Rock and roll was alive and well at The Rave Friday night when Thrice came to town with a pair of bands from Los Angeles, Teenage Wrist and The Bronx. Teenage Wrist kicked things off with a promising and confident half-hour set, mostly drawing from their ’90s alt-rock worshiping debut, Chrome Neon Jesus. Even bassist and vocalist Kamtin Mohager dressed the part, sporting a tucked in print long-sleeve T-shirt. The quiet and reserved Mohager, as well as the rest of the band, seemed eternally grateful to be on this tour, and looked like they were having a blast on stage.
Next came their antithetical counterpart, The Bronx. Fronted by perpetually smirking madman Matt Caughthran, who opened the show by declaring, “It’s cold as fuck, let’s do this,” the hardcore punkers sprinted through a vicious 40-minute set, where every song was introduced by a rousing scream of, “Let’s go, Milwaukee!” Referring to the crowd several times as “motherfuckers,” Caughthran jumped, bounced, and danced wildly around the stage, drawing from a seemingly inexhaustible energy supply. Late in the set, he fearlessly took that energy into the crowd and performed a pair of songs in an instantly formed circle pit. Whether that’s showmanship or spectacle, it was something to be witnessed.
Then it was Thrice’s turn. Throughout their 20-year history, the band—singer-guitarist Dustin Kensrue, guitarist and keyboardist Teppei Teranishi, and the rhythm section of brothers Ed and Riley Breckenridge on bass and drums, respectively—has always been introverted, both musically and lyrically. Their post-hardcore-turned-art-rock style has consistently had a direct feeling of connectivity between the band and its fans, and especially between Kensrue and the fans. His lyrics have an outside-looking-in kind of introspection to them: “Do I trust my heart or just my mind?/ Why is truth so hard to find in this world?” from highlight and fan favorite “Stare at the Sun.”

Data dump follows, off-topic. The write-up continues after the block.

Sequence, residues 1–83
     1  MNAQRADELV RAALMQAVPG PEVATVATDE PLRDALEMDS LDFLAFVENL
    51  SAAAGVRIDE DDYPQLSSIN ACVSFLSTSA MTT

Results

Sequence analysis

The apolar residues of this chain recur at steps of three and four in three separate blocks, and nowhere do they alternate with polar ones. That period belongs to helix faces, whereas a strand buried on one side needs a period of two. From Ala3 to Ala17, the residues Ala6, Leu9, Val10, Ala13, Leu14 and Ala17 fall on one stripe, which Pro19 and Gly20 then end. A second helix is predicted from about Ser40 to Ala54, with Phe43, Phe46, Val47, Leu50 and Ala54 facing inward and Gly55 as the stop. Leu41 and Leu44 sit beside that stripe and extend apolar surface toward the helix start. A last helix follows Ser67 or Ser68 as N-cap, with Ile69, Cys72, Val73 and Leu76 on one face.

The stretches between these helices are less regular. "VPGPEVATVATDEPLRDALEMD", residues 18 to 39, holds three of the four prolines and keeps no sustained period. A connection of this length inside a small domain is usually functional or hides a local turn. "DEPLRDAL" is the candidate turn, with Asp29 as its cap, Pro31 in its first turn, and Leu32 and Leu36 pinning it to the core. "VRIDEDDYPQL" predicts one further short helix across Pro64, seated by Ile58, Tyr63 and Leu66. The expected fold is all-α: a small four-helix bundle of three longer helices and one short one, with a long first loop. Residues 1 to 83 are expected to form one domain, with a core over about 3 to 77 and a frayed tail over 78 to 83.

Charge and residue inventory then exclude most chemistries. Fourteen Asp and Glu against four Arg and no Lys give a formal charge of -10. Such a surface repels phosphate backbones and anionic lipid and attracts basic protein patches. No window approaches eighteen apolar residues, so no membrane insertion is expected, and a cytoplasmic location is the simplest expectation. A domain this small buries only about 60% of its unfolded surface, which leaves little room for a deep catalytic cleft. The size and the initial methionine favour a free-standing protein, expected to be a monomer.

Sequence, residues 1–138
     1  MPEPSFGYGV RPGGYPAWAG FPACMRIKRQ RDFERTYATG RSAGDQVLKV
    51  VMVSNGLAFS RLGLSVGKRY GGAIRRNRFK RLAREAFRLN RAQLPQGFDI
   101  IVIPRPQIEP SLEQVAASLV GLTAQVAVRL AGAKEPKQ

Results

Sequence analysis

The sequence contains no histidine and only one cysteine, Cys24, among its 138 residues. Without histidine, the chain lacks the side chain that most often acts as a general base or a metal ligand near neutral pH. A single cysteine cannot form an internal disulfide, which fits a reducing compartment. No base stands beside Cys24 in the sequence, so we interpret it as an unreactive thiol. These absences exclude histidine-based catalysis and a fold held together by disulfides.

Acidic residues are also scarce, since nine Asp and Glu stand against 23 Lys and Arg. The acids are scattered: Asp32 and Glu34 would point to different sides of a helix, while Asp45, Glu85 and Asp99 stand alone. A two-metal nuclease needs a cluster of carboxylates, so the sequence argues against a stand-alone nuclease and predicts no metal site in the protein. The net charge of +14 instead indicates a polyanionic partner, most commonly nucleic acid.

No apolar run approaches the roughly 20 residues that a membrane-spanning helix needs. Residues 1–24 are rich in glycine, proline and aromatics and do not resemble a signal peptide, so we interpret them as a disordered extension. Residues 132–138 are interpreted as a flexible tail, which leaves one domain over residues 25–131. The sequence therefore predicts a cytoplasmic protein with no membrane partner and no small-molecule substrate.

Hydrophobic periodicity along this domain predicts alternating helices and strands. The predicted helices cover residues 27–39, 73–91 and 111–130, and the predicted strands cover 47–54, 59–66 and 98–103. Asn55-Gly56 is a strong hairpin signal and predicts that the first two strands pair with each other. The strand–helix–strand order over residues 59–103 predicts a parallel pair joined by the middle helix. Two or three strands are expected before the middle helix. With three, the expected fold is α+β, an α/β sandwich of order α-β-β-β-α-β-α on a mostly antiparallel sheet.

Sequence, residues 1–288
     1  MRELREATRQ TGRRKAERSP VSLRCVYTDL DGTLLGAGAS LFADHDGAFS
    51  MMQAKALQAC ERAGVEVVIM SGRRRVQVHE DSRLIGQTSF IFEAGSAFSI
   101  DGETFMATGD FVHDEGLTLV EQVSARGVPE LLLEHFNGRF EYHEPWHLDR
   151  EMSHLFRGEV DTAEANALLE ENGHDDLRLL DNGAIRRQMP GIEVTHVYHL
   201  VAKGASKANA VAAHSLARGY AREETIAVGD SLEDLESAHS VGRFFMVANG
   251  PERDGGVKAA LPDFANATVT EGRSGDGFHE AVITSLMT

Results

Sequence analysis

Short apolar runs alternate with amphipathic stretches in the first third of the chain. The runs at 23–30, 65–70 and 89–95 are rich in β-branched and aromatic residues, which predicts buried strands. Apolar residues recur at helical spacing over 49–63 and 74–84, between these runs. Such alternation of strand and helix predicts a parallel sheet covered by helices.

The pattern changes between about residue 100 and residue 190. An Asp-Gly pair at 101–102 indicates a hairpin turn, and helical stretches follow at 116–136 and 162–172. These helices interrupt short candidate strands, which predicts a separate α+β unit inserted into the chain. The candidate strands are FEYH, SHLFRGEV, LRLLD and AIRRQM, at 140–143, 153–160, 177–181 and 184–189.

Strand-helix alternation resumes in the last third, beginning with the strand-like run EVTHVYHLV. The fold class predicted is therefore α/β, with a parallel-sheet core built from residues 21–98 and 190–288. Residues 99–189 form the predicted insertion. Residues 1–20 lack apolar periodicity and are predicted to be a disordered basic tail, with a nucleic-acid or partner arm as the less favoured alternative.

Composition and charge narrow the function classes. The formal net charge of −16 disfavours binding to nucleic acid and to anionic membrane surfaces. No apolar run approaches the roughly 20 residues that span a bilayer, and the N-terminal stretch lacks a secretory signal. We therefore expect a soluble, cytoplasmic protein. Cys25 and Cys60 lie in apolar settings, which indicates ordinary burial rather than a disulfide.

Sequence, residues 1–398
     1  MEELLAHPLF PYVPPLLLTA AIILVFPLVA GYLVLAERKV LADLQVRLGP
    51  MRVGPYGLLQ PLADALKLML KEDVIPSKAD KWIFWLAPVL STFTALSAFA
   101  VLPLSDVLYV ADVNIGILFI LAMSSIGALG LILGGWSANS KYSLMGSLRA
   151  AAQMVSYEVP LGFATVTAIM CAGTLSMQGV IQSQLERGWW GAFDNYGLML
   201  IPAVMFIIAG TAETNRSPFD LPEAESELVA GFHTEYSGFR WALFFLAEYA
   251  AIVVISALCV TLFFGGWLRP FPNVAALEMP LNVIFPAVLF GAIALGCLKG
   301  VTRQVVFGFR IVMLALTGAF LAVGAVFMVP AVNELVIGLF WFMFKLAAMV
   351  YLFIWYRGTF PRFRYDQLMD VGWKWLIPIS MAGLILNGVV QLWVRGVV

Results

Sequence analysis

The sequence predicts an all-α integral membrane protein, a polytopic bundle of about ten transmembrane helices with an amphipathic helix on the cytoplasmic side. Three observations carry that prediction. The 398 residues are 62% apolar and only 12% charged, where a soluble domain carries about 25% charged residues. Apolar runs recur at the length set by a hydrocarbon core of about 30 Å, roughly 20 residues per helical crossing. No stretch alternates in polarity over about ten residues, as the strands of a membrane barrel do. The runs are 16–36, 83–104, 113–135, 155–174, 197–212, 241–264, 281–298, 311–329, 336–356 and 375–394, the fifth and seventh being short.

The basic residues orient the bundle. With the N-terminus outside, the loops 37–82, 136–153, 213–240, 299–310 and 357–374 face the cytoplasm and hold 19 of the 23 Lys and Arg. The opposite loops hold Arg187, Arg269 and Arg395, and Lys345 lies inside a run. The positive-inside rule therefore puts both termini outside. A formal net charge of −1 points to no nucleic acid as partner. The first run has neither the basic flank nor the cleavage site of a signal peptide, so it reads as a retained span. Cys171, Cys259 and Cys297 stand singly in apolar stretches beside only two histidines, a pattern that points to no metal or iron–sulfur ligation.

Accordingly, upon returning to The Rave for the 10th time Friday night, the band opened with the first song from the recently-released Palms, “Only Us.” And for the 21-song, 90-minute show, Thrice made sure that band and audience were indeed a single entity. Kensrue only spoke a handful of times, each instance having an “aw shucks” sort of earnestness, and using only a handful of words between songs: “Thanks, We’re Thrice,” and a reminder that they were selling tour-exclusive vinyl. That may have come off as clock-punching sterility, or it could’ve been hesitation to speak to the crowd out of fear of breaking the spell the band was casting.
A big part of Thrice’s performance was the band’s precision. Aside from a few audience-led singalong codas, the quartet rarely veered from studio versions of songs, opting instead to let the songs carry themselves. This was helped along by the light show, which made the compact section of the multi-stage venue seem larger than it was. Mostly cued to the band’s underrated drummer, the lights added a level of immersion and color. During “Red Sky” and “Firebreather,” for example, the room was bathed in red, while a rainbow flourish was used when Kensrue sang, “I like all the pretty colors” from “Black Honey.” Similarly, the band was turned to silhouettes during “The Dark,” only to be flooded with light for the chorus of “I’m not gonna sit in the dark anymore.”
As for the setlist itself, the band drew from almost every corner of its expansive catalogue, only ignoring their first (and, at this point, least representative) album, Identity Crisis. Interestingly, the six songs pulled from the latest, Palms, weren’t front-loaded in the set—like vegetables to justify dessert. Rather, the band gambled by sprinkling them throughout the show, including ending their main set (pre-encore) with Palms’ closer, “Beyond the Pines.”
Thrice is a people-pleasing band. They played longtime fan favorites like “Image of the Invisible” and “Deadbolt” just as intensely as anything from Palms, both suggesting that they weren’t yet sick of the classics and that the new material can stand right beside the time-tested material. Kensrue didn’t have to speak much–Thrice’s performance did that for him.